Northland employers vie for workers
A couple of approaching events could help area employers and prospective workers make a connection.
In all, 115 employers have signed up for a job fair this Thursday, from 10 a.m to 3 p.m., at the Duluth Entertainment Convention Center's Pioneer Hall. Ronda Rutford, a Duluth workforce development representative, said a diverse lineup of companies from the Twin Ports and beyond will offer on-site interviews.
"There will be a wide cross-section of employers — some from up on the Range, from Ely, from Grand Rapids, Willow River/Moose Lake. They're all really anxious. We could have taken on more, but we had to have a cut-off date so we could print the materials," she said.
Then, on Wednesday, April 18, a forum on employee recruitment will be held from 7:30-10:30 a.m. at Greysolon Ballroom, 231 E. Superior St. The event is the second in a three-part series, and interest has run strong in an increasingly tight labor market, as evidenced by the 160 people who attended the first forum in February.
"People were very receptive and very hungry for this information," said Heather Rand, director of business and economic development for the city of Duluth.
With Duluth's unemployment rate running at less than 4 percent, the data shows that workers in the region are in historically slim supply, Rand noted.
"This is why you're going to want to start paying attention and doing things differently when it comes to employee recruitment, workforce retention, training. You've got to try some things that are different, because the same-old, same-old is not going to work," she said.
The forum will feature a presentation by Janice Urbanik, executive director of Partners for a Competitive Workforce, who will talk about how employers in the Cincinnati area are facing recruitment challenges.
"They're doing some really innovative things with respect to recruiting some segments of the population that sometimes a lot of communities miss, whether it's women or seniors or more diverse groups. So we're really looking forward to what they're doing along those lines and how that can transfer to our area," Rand said.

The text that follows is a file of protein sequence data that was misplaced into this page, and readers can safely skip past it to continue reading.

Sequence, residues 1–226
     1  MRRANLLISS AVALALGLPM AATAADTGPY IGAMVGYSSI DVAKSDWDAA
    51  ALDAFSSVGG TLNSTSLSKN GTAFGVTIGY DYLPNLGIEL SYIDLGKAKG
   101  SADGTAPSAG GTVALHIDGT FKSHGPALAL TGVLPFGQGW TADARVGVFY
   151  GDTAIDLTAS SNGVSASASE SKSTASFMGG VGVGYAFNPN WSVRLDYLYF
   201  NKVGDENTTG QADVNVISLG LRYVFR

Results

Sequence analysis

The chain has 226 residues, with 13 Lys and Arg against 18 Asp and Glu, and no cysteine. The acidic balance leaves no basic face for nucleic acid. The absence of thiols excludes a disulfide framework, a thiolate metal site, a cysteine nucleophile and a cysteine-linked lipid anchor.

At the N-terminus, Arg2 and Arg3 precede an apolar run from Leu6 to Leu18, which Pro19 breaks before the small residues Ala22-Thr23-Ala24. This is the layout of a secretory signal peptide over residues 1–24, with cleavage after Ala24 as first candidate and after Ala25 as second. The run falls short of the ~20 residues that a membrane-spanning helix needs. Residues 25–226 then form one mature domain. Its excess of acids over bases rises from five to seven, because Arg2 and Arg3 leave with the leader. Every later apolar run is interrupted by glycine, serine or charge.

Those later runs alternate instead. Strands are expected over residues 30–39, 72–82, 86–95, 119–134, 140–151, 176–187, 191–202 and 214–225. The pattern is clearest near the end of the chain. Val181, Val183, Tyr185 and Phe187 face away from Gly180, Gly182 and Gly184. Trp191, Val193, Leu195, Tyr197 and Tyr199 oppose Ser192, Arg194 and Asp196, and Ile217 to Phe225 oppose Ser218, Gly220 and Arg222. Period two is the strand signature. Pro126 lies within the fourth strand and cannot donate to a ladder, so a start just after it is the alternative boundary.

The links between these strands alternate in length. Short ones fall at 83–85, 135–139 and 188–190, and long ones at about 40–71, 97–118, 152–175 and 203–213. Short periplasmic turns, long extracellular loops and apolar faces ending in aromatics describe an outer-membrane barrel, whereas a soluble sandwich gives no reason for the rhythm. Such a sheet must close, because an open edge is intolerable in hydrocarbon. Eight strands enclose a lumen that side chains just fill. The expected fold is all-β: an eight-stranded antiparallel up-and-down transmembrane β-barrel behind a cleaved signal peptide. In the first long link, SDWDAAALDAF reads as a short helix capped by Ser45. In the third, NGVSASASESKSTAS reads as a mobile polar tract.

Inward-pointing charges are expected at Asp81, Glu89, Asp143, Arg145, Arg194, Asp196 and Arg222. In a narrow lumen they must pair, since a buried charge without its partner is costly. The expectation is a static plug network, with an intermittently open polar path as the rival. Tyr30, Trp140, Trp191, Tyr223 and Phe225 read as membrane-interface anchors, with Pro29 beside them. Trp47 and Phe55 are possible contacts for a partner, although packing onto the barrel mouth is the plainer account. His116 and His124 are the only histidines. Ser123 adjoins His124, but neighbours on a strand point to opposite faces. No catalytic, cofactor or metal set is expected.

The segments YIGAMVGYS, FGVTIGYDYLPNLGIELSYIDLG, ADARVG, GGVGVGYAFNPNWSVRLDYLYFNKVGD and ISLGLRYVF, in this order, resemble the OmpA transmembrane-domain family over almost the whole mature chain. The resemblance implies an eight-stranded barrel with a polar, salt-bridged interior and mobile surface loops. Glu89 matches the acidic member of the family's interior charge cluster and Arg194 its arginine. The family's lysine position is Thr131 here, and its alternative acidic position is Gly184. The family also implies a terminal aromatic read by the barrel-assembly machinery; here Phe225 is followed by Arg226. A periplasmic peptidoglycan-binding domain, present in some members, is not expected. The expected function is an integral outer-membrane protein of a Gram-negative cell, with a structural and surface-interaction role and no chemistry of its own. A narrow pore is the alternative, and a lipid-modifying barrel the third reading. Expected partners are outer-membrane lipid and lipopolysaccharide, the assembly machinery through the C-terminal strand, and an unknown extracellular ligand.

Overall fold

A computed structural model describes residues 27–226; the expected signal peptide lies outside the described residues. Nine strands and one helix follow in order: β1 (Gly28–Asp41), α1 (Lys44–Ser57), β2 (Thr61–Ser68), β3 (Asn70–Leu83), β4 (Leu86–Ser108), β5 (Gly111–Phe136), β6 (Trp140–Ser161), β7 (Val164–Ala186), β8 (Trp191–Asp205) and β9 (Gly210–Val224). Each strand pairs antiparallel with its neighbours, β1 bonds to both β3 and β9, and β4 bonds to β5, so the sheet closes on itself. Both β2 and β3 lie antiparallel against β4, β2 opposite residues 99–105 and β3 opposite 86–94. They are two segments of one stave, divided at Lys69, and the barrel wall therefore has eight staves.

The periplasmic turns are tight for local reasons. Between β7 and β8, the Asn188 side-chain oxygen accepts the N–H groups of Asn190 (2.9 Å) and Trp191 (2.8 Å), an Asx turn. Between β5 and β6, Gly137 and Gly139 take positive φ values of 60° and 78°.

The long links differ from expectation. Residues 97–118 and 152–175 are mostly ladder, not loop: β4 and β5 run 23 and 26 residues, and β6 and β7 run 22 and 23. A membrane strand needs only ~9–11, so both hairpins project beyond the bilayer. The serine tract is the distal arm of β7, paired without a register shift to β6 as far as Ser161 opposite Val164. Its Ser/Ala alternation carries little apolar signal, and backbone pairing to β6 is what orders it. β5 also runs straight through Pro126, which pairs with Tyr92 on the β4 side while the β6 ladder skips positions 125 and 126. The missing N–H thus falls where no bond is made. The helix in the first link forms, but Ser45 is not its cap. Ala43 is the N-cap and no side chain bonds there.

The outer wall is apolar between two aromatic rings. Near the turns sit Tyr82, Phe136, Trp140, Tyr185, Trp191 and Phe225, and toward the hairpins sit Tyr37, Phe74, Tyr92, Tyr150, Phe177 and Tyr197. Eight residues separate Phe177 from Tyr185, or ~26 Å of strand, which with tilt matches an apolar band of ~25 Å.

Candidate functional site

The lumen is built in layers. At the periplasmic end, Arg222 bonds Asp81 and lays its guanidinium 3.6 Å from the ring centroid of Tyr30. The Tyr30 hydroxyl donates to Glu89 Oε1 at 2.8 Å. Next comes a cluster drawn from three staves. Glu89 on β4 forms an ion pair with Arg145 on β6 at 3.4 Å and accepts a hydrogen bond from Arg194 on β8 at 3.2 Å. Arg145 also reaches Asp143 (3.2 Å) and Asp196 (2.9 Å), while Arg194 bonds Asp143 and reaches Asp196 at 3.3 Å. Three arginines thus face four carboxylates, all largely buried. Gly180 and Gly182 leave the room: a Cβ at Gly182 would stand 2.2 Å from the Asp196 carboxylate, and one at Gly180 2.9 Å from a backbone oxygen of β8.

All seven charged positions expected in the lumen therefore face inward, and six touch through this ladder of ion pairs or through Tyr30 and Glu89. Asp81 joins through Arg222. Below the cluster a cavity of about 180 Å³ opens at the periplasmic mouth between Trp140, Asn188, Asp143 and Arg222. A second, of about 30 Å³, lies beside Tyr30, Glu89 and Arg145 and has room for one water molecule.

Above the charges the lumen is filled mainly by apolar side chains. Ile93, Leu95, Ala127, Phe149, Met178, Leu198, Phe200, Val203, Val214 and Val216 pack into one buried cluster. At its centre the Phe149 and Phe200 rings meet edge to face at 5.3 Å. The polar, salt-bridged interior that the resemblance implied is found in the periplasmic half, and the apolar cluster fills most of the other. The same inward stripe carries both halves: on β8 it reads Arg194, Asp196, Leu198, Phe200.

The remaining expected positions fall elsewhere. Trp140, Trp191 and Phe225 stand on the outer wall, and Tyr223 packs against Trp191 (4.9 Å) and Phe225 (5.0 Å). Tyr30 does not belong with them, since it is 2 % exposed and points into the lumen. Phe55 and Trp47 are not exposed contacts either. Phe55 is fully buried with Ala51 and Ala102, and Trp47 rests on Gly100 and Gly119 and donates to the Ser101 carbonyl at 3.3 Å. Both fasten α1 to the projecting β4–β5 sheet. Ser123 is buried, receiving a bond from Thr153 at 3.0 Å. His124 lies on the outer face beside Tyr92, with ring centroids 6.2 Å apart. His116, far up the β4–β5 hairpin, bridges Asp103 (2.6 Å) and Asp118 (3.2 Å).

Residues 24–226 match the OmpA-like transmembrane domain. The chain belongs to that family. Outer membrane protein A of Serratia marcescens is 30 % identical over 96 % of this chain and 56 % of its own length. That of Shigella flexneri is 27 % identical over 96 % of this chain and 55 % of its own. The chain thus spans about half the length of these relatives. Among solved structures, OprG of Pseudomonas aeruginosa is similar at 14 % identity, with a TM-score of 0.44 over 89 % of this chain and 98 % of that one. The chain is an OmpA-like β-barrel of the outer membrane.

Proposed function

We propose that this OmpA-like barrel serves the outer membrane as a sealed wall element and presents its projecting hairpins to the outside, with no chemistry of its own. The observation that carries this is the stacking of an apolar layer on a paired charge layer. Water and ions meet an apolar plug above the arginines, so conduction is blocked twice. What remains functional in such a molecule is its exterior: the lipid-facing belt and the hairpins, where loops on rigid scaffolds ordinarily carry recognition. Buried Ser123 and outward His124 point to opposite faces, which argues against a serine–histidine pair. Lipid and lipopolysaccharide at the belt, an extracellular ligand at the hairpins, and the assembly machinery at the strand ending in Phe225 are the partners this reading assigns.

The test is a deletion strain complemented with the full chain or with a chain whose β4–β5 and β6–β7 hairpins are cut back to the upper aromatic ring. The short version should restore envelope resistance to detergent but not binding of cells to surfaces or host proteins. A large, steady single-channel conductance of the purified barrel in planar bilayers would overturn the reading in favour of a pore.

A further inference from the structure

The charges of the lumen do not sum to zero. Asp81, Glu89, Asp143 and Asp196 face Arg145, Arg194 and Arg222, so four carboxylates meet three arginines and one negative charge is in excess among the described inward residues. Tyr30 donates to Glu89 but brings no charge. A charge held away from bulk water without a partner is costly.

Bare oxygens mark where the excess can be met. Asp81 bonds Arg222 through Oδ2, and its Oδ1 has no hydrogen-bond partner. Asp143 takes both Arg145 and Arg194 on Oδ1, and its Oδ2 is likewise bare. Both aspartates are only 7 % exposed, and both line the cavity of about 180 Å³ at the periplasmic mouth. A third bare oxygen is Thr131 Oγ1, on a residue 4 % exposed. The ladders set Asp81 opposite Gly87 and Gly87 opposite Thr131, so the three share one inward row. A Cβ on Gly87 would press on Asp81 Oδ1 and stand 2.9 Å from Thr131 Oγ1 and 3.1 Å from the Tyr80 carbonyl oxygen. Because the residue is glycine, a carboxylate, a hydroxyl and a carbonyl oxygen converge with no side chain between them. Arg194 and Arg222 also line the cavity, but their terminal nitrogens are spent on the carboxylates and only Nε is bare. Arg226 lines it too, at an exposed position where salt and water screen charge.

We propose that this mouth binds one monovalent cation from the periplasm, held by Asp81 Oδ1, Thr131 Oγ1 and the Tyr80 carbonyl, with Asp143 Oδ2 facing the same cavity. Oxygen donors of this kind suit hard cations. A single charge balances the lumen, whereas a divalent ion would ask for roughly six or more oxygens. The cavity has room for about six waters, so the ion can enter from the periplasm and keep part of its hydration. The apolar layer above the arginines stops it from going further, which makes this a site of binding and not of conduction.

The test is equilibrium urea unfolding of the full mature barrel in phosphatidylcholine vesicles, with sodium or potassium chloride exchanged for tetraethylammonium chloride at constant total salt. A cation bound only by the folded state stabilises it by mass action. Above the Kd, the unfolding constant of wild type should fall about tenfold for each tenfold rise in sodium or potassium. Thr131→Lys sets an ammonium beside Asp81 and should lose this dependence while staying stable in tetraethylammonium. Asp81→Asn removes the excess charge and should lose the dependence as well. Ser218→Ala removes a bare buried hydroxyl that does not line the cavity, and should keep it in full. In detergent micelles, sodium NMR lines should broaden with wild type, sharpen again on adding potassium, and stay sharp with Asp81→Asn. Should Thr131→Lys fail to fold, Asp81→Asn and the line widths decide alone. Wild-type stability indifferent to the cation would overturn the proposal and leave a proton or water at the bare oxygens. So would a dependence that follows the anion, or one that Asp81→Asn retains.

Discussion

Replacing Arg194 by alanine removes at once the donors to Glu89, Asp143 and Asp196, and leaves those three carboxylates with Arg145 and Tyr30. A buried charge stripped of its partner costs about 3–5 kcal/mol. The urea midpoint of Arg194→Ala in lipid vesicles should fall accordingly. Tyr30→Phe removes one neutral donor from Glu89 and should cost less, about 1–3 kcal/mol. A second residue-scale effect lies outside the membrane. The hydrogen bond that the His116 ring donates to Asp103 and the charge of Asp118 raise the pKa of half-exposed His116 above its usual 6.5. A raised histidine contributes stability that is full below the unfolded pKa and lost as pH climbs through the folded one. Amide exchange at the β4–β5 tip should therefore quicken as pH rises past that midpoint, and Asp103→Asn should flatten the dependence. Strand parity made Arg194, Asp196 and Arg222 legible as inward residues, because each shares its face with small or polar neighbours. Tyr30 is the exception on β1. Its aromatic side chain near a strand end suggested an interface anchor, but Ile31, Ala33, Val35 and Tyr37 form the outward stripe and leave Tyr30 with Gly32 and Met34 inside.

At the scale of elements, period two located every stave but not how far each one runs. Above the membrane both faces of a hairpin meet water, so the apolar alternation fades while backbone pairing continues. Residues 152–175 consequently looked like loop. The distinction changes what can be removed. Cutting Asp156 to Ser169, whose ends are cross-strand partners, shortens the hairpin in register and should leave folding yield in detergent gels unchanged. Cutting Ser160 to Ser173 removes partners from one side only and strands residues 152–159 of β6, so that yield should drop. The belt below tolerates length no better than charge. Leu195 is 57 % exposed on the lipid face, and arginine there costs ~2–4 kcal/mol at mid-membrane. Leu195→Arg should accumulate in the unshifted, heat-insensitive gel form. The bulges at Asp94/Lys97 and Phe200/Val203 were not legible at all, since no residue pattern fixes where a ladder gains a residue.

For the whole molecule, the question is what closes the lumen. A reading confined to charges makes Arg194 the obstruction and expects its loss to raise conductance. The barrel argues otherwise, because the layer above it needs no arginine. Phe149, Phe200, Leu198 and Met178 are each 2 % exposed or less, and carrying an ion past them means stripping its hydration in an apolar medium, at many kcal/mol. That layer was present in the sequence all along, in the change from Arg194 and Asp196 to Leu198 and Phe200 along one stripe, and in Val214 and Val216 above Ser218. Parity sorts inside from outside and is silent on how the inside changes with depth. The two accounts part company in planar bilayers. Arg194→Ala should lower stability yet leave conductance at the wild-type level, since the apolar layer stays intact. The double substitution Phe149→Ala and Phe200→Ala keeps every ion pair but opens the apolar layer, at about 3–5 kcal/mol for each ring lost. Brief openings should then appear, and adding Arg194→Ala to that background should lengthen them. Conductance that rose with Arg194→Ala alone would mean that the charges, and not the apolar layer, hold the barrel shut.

A panel of experts from different industries around Minnesota also will take part in the event and will share some of their recruitment strategies.
"The panelists are coming with some successes that they've had. So I think that will be really helpful for some of our local employers to hear," said Betsy Harmon, manager of the Duluth WorkForce Center.
Rutford said local employers are considering new employment pools these days, including convicts who have served their time and are looking to re-enter society. She stressed that these prospects still need to be "good fits" but noted a growing number of success stories.
"The labor market information that came out recently indicated that, you know the unemployment rate is at one level, but then all of a sudden you see an influx of individuals who have not been participating in the workforce. So we've got more people coming out to look for a job now, and I think employers see them as an opportunity. And it seems as if some employers are being a little more willing to take some chances on people," Harmon said.
To learn more
For more information on the April 12th Northland Job Fair, visit mn.gov/deed/events/northland.jsp or call Rhonda Rutford at (218) 302-8406.
For more information on the April 18th workforce recruitment forum, visit duluthmn.gov/workforce-development/2018-workforce-solutions-series.